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Kaspersky Lab To Withdraw Microsoft Antitrust Complaint

Tom Jowitt is a leading British tech freelance and long standing contributor to TechWeek Europe

Kaspersky antitrust complaint to be withdrawn after Microsoft agrees changes for Windows users

Kaspersky Labs and Microsoft have settled their differences after Redmond agreed to change how it delivers security updates to Windows users.

An official antitrust complaint had been filed with the European Commission and German Federal Cartel Officer against Microsoft in June.

The Moscow-based security specialist had alleged at the time that Microsoft was abusing its dominant position in the operating system market to stop people purchasing third party security software and boost its free Windows Defender product.

windows-defenderKaspersky Complaint

The dispute between Microsoft and Kaspersky Lab had been raging for over six months now. Indeed, last year, Kaspersky made a similar complaint to Russian authorities and said that Microsoft had made some changes as a result.

Kaspersky essentially alleges that Windows 10 does not allow Windows Defender to be switched off by default, causing conflicts with other security software which requires permission from users to perform actions such as scans.

“We see clearly – and are ready to prove – that Microsoft uses its dominant position in the computer operating system (OS) market to fiercely promote its own – inferior – security software (Windows Defender) at the expense of users’ previously self-chosen security solution,” Eugene Kaspersky, CEO of Kaspersky Labs, said in June.

“Such promotion is conducted using questionable methods, and we want to bring these methods to the attention of the anti-competition authorities,.”

Microsoft admitted in late June that it does switch off third-party anti-virus software when Windows 10 is being updated, but it insisted it only does it on a temporary basis.

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Microsoft Changes

But now it seems that Kaspersky Lab will withdraw antitrust complaints made in Europe against Microsoft after Microsoft agreed to make changes to Windows 10. Microsoft’s Rob Lefferts, a partner director of the Windows Enterprise and Security unit, made the admission in a blog post on the matter.

“Part of delivering on that commitment is listening and responding to feedback from our customers and partners,” Lefferts said. “We work closely with AV partners like Kaspersky Lab, and at our Microsoft Virus Initiative forum last month, we made great progress in building upon our shared understanding of how we deliver Windows 10 updates and security experiences that help ensure the ongoing safety of Windows customers.”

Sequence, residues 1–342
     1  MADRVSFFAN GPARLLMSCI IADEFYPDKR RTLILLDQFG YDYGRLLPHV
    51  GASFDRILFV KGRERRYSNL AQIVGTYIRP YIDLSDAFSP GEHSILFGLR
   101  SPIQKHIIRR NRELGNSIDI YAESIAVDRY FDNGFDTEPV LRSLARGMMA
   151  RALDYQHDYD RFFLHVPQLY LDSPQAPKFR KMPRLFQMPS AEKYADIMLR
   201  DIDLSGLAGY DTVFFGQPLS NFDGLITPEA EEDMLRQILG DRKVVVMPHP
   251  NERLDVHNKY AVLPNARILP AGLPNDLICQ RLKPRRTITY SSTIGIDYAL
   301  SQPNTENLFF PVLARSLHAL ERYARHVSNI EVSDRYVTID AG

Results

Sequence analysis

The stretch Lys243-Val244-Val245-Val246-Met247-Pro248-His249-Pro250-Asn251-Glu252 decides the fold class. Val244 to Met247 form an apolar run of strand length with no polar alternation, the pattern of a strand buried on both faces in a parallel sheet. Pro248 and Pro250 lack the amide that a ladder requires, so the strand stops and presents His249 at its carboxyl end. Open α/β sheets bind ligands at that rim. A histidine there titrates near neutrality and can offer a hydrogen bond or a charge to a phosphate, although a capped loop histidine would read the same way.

“I’m pleased to share these discussions have helped us clarify our roadmap and implementation plans,” he wrote. “As a result, we are making updates to our AV partner requirements today that reflect the interests of the community and our shared customers. We will also implement changes in the Windows 10 Fall Creators Update.”

Microsoft said it would work “more closely with AV vendors to help them with compatibility reviews in advance of each feature update becoming available to customers.” It said it would also give AV partners better visibility and certainty around release schedules for feature updates, and would enable AV providers to use their own alerts and notifications to renew antivirus products before and after they have expired.

“We have modified how Windows will inform users when their antivirus application has expired and is no longer protecting them,” wrote Lefferts. “Instead of providing an initial toast notification that users could ignore, the new notification will persist on the screen until the user either elects to renew the existing solution or chooses to rely on Windows Defender or another solution provider.”

“We appreciate the feedback and continued dialogue with our partners and are pleased to have found common ground with Kaspersky Lab on the complaints raised in Russia and Europe,” he added. “We look forward to our continued partnership with the industry.”

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